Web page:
Prime Minister Morgan Tsvangirai has ordered all MDC-T senators back at work and said they should attend Senate this week to ensure Bills on the 2011 National Budget are passed.
There were fears that disruptions at the Senate over the presence of provincial governors would derail the approval of the Budget.
Tsvangirai in the order said all MDC-T senators should comply with the call by President Robert Mugabe that Senate should be recalled to meet on Tuesday to consider the Finance Bill and the Appropriation Bill, the ratification of agreements or protocols, as well as debate on any other Bills that are currently before Parliament.
Senate had been adjourned to February 8 next year after it had become difficult to conduct any business there as MDC-T senators sang and danced to disrupt proceedings in protest at the presence of provincial governors in the Upper House.
The senators argue that the governors, who sit in the Senate, ere illegally appointed by President Mugabe without consulting Tsvangirai and Deputy Prime Minister Arthur Mutambara.
Senator Obert Gutu, who is a member of the MDC-T national information and publicity committee and also Deputy Minister of Justice and Legal Affairs, yesterday confirmed to NewsDay that Tsvangirai had indeed ordered his party senators back at work.
“I can confirm that PM Tsvangirai has asked all MDC-T senators to co-operate and attend Senate,” said Gutu.
“The House of Assembly is going to consider Bills to do with the Budget next week and after that they are going to be referred back to the Senate and Go back to work, PM oders senators there is a likelihood that the House of Assembly will refer the Finance 2010 Bill and Appropriation 2011 Bill to the Senate at the end of the week.”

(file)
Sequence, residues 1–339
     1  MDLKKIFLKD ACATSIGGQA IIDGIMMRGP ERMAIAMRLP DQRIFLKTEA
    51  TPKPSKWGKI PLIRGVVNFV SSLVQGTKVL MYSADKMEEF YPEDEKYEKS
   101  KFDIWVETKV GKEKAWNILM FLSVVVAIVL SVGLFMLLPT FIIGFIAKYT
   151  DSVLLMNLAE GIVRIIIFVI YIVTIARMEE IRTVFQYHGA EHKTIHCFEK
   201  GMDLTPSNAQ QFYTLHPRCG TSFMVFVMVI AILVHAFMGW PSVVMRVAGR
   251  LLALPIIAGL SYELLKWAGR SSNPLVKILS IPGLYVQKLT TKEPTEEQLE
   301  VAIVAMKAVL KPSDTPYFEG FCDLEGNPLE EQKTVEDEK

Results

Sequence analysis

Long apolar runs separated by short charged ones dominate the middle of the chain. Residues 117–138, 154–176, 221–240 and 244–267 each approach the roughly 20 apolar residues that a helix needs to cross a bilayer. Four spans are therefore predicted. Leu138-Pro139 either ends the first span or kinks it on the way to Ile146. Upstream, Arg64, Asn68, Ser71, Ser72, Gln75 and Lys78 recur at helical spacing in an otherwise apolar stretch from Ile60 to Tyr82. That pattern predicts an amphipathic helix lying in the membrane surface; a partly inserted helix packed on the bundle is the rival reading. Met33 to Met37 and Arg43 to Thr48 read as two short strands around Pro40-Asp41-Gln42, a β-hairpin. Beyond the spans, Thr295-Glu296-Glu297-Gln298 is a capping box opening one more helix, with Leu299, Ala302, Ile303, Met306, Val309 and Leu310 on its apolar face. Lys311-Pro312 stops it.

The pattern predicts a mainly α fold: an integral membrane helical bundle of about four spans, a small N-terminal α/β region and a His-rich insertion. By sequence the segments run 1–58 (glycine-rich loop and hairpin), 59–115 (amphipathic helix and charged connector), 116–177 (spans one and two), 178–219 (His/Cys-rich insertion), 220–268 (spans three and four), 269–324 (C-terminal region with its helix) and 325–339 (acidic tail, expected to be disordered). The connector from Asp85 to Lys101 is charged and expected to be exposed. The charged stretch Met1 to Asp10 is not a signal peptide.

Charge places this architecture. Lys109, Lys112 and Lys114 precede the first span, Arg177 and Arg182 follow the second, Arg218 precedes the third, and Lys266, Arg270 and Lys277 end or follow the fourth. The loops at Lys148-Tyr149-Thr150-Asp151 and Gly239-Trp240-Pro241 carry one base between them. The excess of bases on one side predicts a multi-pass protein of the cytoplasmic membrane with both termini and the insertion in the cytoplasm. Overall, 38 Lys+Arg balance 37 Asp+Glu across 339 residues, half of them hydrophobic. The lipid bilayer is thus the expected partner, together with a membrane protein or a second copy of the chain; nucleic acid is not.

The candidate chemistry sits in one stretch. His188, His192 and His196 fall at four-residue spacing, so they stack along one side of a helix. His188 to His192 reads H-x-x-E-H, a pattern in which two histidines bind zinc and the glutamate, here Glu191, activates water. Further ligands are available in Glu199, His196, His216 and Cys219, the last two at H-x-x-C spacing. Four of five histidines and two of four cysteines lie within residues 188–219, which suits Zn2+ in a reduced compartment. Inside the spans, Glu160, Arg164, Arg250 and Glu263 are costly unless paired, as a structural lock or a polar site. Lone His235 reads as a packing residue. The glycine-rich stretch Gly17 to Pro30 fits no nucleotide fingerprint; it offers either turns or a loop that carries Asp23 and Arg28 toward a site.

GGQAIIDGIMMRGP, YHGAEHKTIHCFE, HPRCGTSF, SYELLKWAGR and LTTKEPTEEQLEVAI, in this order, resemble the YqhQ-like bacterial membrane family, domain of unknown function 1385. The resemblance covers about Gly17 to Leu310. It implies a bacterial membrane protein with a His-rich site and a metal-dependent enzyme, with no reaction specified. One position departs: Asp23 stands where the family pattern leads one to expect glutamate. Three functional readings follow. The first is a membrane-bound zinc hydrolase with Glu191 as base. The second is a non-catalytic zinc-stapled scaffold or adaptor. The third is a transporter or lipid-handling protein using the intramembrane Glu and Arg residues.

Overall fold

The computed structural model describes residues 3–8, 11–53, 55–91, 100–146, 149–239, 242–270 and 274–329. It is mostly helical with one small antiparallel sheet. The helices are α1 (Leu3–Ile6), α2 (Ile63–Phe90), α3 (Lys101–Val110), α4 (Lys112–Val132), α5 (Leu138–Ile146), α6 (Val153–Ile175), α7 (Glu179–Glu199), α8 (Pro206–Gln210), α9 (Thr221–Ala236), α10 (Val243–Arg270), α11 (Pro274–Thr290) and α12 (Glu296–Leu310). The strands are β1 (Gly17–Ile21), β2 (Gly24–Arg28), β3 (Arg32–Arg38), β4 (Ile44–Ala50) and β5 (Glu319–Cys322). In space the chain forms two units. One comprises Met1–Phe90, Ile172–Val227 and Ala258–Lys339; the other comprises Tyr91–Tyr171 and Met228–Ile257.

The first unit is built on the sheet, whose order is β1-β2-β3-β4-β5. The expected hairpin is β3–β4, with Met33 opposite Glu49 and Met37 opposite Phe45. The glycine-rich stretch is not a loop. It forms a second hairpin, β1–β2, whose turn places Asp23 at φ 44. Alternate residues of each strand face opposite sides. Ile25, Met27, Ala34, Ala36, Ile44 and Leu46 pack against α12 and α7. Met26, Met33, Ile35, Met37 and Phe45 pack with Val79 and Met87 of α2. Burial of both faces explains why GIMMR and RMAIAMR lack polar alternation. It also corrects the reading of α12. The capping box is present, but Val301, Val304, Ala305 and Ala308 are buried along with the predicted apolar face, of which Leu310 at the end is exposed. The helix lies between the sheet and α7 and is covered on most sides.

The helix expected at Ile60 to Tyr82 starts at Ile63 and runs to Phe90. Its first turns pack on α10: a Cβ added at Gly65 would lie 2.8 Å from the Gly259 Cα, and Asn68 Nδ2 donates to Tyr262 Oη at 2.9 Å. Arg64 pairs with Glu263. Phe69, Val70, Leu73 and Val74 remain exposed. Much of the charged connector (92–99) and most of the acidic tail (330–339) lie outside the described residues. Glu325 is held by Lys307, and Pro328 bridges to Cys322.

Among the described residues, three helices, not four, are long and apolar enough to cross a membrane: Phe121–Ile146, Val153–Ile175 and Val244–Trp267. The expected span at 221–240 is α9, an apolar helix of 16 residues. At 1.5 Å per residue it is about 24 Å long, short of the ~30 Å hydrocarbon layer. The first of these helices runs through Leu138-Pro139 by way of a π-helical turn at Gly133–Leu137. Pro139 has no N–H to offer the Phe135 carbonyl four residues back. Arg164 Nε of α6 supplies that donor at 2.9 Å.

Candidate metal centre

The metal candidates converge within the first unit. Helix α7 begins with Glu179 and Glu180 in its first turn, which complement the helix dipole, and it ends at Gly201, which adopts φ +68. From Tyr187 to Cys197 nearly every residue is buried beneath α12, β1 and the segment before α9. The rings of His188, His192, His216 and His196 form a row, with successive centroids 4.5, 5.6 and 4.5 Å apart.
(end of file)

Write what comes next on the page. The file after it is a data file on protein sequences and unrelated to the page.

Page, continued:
However, Gutu said although MDC-T senators had been asked to cooperate, his party’s position, that they would not recognise the 10 provincial governors, remained unchanged.
“We will still not recognise them because they were unlawfully and illegally appointed by Zanu PF. The issue is now being dealt with by South African President Jacob Zuma and is subject to further negotiation. He is working on that together with his team and we do not want to be seen uncooperative,” he said.
He said the matter was also now considered sub judice as it was before the courts of law pending determination.
“We still deem them (the governors)as strangers in the House but if they turn up next week, we are not going to disrupt business because as MDC-T we are committed, faithful and disciplined and we are not going to disrupt the operations of Parliament,” said Gutu.
He continued: “Assuming that the 10 Zanu PF provincial governors were men and women of integrity and honour, they should save themselves the embarrassment of coming to the august House in circumstances in which they are fully aware that their tenure of office is being challenged both legally, at the courts, and also politically, through the office of the Sadc facilitator, South African President Zuma.
President Mugabe last week recalled Senate through a statement issued by Deputy Clerk of Parliament Kennedy Chokuda, that all senators should convene at Parliament as from tomorrow up to Friday.
“The purpose is for Senate to consider the Finance and Appropriation Bills, the ratification of agreements or protocols and any other government Bills that are currently before Parliament,” said the statement.
MDC-T Chief Whip in the Senate, Gladys Dube, however told NewsDay that MDC-T senators were unhappy that the party had communicated informally and many other senators had not been informed of Tsvangirai’s orders to cooperate.
She said senators only learnt through the media that they had been recalled to Parliament.
“We are going to call for a caucus meeting today (Monday) or Tuesday morning before Senate resumes, demanding an explanation why our leaders have said we should stop protesting. We cannot just be told to suddenly stop protesting about the presence of governors without being given proper explanation,” said Dube.
She said the MDC-T should give them valid grounds and good reasons why they should stop disruptions of the Senate.